This is my second post written for the What’s Your Foodportunity? contest, which is like the best reunion you’ve ever heard of, because the food rocks and it’s a bunch of food nerds crammed into one room – and you don’t want to leave.
At this point I have had plenty of first moments both as a writer and photographer. That first time on twitter, followed by staring at a blank screen with nothing witty to say for about a good five minutes until I gave up and posted something vague about bacon. Entering the convention floor of the Winter Fancy Food Show, coming back to my hotel only to sleep off exhaustion. Visiting Norway, eating lunch with howling puppies and grinning from ear to ear.
That first step is still always scary.
And the scariest first step for me of joining Seattle’s media was walking in the Palace Ballroom for Foodportunity.
Oh sure, now that I’ve had beers with a former Royal Chef of Sweden and met Thomas Keller, I can be a lot more cool and collected about this. I can even almost pretend to be chill. Best of all, I can spot the new frightened writer walking in and give them a gentle push towards the right person.
But let’s not mince words: when I entered that building for my first Foodportunity, I was freaked out.
Here I was, this tiny forestry graduate student, trying to fit in with all these people who knew so much, and I didn’t speak the language. It was my first event of any kind, and I felt way over my head.
I blitzed from booth to booth, meeting chefs and seeing faces I only knew from websites or cookbooks that I owned. I’d see a nametag and gasp in recognition, but not say anything because I had no clue what to even do. I think I finally managed the nerve to speak to Ann Peavey, the Seattle Maven, who I knew from twitter, but that was unadulterated awkwardness on my end.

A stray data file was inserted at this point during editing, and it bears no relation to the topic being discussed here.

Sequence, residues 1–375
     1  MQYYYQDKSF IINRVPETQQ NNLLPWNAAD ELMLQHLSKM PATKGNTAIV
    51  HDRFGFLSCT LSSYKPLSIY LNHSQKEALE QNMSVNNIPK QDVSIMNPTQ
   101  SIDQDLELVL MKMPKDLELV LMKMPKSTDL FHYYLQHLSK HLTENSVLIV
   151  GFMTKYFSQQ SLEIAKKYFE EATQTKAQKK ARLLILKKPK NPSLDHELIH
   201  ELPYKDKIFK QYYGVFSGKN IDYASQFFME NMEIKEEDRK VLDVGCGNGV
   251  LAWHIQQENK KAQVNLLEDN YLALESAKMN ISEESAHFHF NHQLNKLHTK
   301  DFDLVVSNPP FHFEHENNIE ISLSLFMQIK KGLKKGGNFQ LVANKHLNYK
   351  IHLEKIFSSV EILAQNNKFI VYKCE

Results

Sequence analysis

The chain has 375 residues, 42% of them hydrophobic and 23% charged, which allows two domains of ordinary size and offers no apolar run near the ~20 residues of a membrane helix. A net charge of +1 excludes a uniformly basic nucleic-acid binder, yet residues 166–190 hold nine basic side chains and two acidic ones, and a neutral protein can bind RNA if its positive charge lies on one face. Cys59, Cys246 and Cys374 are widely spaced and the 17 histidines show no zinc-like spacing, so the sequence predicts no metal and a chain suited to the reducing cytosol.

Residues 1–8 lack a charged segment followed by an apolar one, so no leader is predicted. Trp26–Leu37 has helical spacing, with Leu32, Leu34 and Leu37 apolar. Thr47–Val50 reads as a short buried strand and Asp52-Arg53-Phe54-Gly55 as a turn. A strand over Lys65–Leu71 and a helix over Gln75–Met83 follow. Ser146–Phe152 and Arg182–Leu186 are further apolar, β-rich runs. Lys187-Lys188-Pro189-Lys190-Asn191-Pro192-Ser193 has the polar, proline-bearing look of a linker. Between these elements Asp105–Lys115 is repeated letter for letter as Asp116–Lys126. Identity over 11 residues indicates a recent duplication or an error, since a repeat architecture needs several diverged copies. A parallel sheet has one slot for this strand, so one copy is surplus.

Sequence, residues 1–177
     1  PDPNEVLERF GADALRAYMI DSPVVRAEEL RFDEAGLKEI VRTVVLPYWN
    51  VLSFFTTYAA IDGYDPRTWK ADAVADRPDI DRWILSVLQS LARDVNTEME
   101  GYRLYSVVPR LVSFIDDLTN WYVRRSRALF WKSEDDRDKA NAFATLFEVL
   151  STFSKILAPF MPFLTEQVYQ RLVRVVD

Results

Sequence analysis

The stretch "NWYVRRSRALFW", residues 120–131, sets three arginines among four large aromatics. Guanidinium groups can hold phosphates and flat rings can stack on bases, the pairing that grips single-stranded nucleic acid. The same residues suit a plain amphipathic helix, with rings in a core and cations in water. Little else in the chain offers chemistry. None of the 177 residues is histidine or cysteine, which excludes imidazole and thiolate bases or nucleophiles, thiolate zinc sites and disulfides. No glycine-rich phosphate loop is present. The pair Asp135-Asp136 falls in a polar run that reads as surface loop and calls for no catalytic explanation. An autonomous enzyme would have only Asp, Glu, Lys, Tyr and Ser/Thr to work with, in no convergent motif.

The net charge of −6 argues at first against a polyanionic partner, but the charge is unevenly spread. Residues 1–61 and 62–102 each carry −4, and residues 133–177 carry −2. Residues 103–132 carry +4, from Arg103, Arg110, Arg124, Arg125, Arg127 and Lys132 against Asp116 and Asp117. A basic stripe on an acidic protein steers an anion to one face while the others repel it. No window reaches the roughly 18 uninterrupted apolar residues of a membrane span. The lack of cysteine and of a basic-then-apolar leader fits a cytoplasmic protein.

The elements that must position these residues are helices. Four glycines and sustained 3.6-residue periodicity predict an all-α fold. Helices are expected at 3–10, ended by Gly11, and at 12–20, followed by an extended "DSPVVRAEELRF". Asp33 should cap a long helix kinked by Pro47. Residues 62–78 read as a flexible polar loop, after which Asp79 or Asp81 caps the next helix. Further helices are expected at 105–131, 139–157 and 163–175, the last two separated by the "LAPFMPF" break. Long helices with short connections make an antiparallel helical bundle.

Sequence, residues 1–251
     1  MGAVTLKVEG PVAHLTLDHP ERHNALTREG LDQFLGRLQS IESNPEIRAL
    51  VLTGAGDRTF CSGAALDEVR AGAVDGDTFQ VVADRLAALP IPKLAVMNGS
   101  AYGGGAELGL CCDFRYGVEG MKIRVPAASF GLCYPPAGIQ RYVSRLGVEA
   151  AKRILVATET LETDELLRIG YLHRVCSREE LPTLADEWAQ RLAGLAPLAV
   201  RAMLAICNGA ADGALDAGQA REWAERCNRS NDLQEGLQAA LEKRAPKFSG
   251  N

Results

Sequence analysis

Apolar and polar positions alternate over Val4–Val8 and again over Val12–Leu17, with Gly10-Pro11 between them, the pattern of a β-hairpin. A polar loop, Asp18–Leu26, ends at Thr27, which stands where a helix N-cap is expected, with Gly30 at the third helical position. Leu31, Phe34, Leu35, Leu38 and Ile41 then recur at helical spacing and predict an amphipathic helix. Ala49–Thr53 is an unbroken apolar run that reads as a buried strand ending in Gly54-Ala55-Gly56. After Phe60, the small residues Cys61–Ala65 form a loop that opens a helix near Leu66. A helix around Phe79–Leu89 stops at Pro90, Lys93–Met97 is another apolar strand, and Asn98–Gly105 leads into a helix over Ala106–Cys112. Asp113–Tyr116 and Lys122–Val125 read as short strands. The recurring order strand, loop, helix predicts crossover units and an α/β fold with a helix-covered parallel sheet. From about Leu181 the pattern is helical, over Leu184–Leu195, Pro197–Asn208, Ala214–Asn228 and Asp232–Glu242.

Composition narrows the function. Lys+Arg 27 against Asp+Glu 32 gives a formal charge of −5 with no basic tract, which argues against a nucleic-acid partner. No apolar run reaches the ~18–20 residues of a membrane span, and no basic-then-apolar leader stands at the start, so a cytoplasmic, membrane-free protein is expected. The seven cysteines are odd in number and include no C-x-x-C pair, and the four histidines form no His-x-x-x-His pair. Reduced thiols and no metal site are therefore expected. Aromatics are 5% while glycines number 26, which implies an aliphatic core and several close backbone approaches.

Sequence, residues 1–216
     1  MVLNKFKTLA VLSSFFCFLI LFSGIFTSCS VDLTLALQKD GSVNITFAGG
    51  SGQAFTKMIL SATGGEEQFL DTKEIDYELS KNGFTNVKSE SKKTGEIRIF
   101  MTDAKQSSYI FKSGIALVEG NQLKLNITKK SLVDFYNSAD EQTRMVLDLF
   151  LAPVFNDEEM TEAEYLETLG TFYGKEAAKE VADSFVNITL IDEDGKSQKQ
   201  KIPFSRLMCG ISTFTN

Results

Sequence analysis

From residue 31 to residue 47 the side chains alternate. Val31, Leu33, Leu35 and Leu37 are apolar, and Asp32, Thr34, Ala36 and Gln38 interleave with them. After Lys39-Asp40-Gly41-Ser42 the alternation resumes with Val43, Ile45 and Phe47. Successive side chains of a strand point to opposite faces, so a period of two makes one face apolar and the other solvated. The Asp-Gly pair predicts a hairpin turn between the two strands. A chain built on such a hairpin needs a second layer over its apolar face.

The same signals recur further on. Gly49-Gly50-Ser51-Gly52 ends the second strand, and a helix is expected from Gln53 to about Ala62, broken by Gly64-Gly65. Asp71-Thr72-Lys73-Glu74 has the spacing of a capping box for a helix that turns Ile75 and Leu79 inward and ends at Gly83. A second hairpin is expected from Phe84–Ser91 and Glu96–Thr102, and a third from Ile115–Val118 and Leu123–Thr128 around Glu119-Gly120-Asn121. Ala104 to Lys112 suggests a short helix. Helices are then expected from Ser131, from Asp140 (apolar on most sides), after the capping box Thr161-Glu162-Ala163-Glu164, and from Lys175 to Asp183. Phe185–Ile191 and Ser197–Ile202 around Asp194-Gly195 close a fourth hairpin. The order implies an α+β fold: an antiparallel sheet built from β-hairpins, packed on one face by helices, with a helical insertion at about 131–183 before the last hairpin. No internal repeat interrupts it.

Then I left with an armful of pasta and thought I’d never attend again.
The first step is always scary. But so is that second, third, fortieth.
Food is a daily craft, both for eating and writing, and it’s too easy to sit in your coffee shop of choice and only read and write nonstop. We need these chances to both explore beyond our own shells and simply get distracted by wonderful things.
I grew out of my fear, or at least enough to treat Foodportunity as a chance to meet and plan new ideas in a room full of co-conspirators. My people. And that is freaking awesome.
I chatted with Leslie at the event last year, and won a bag of rye flour at her booth. I completely forgot about it, and ended up picking it up from her at the sushi tasting hosted by Shiro Kashiba and Daisuke Nakazawa. We talked briefly, and all I wanted to do was drag her out to tea and talk food for the next few hours. But I had plans, and so did she.
That’s the other problem: once you pass that first step, you never seem to stop moving. (I don’t know if I’ll ever adjust to scheduling hangouts a month in advance.)
And in the last year alone I’ve changed gear, writing styles, cameras. This has been one of the most rewarding and frustrating years in my life, with rapid-fire switching between the roles of graduate student and food nerd. Both are full-time jobs, and have left their fair share of marks, literal and figurative, from blackberry scratches to half-healed skillet burns.
I think I have an equal number of people in both academia and food wondering when the hell I’m going to make up my mind, and I’m not sure if I ever will. I’m okay with that.
Over and over again, people will tell you how life is about finding your fears and going on anyway. And I still get scared, even at places like Foodportunity. I’m an introvert, so I always walk in and immediately search out the familiar. But that’s okay, because let’s face it – you should never stop having first moments. Nothing ever tastes exactly the same from season to season, and people are always coming up with new ideas and ways to collaborate. It’s one of the most wonderful things about being a writer in Seattle: it’s a whirlwind.
And the best way to do it is to realize that you’re afraid and go forward anyway.
Go have a Foodportunity, on me, and I’d love to take you out for tea.